A: I don't think we have any figures, because all the vaccinations are being done by GPs so I'm not even sure they collect data by nationality of people vaccinated. It is difficult to check by nationality. That's just not how the vaccine plan is. But all Malaysians in the UK who fall into this category are entitled to the vaccine. About 32 million people including Malaysians living in the UK have been vaccinated so far based on their age group. But students are unlikely to have had any vaccine yet because they tend to be younger, unless they have got underlying health conditions which will push them up the vaccine chart.

I strongly welcome the Malaysian government’s announcement that they are going to pursue the same policy as the UK, in that the vaccination will be provided regardless of nationality. That's the right thing to do, not least because if you want to get immunity of the population, then you can't, shouldn't distinguish between different nationalities because anybody can spread Covid-19 regardless of nationality.

Q: Education remains a key pillar in our ties. How are Malaysian students doing in the UK? We used to have at least 20,000 there.

A: It's down a bit. The latest figure is about 14,000. I guess that's what you'd expect given the Covid-19 pandemic. And given the fact that almost all universities at the moment are operating offline, virtually, to a greater or lesser extent. And the universities have been doing their best trying to make life as good as it can be for the students.

From organising some physical events where possible to finding innovative ways of working online and using tech, they have done what they can to mitigate it. There are some innovative examples of high-quality online learning being delivered by institutions across the UK.

Some universities have created virtual ward rounds with virtual patients to mimic clinical decision making for their medical students, while others have developed new ways for students to conduct fieldwork, using hi-res photos, Google Earth and drone-scans.

There are also medical students at the Newcastle University campus here. I know that they have been working hard to make it possible for the students in Malaysia to get as good a medical experience that's possible.

But I feel for the students who have been studying during the time of the pandemic, because one of the fantastic things about going to university is the interaction and that just hasn't been possible.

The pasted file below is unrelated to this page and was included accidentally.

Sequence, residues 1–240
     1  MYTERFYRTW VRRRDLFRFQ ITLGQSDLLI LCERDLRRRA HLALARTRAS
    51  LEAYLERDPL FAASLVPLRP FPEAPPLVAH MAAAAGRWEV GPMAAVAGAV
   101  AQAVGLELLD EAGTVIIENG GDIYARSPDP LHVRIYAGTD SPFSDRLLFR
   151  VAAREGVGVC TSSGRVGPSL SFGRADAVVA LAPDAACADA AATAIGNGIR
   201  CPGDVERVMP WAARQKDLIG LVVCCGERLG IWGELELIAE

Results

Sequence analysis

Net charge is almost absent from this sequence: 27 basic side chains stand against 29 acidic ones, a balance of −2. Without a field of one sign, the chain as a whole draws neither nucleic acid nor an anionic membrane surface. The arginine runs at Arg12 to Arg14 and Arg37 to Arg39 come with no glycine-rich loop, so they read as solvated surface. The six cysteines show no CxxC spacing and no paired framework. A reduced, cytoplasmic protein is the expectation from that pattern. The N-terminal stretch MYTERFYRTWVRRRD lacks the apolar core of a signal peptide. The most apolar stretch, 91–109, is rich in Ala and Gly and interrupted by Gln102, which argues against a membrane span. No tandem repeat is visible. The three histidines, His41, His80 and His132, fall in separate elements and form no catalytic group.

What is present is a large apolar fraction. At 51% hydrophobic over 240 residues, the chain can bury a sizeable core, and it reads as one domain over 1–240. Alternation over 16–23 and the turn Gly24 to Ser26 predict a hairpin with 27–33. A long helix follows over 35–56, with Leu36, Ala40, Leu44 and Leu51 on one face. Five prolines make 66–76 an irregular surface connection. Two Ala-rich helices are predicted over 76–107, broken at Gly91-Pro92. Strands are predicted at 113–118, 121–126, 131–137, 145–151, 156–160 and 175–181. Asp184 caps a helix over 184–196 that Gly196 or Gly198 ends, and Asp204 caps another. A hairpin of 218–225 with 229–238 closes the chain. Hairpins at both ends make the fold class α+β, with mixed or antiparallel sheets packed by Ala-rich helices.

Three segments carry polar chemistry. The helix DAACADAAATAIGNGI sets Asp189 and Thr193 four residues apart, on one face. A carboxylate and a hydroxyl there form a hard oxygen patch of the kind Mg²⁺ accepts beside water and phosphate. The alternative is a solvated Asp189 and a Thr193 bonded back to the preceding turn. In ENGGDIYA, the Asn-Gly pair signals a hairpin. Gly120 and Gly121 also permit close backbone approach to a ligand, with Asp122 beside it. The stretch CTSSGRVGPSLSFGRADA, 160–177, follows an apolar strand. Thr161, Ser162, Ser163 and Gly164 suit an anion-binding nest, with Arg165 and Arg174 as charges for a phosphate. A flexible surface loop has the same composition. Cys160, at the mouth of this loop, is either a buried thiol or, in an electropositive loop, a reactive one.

Q: Given the problems caused by the pandemic, how have British universities here been coping?

A: We are in regular touch with them. They are having the same issues as everybody else, but demand is holding up. They are all very committed to Malaysia.

Nottingam University is celebrating 21 years in Malaysia. So, it's not easy (during the pandemic) but they manage it.

Even American and Australian universities are affected. According to a study, UK education's market share is 42.1%, so that's still bigger than Australia and the US. The numbers have dropped, but the bottom line is out of all the three countries, 42.1% have gone to the UK.

Q: Many Malaysian students will be graduating in July. Should their families expect to go over to share the joy?

A: I think that all graduations, or most this year, will be virtual in one way or the other. I was speaking at a Chevening (scholarship) webinar event here recently, and a doctor in the UK dialed in and told us that she just recovered from Covid-19. So I'm sure that there are people who are recovering from it. The numbers have been quite high in the UK, but it is falling down because of the vaccination programme.

Q: On travel restrictions to the UK, when do you think normality will return?

A: PM Johnson has set out an outline plan for opening up the UK and he has given some indicative dates, and I think the indicative date he gave for the possibility of overseas travel was the middle of May, 17th of May. It's not confirmed yet, but I'm hoping that if all goes to plan, then come May the possibilities of travel in and out of the UK will open up again.

Q: What will the criteria be, in terms of the approved country list?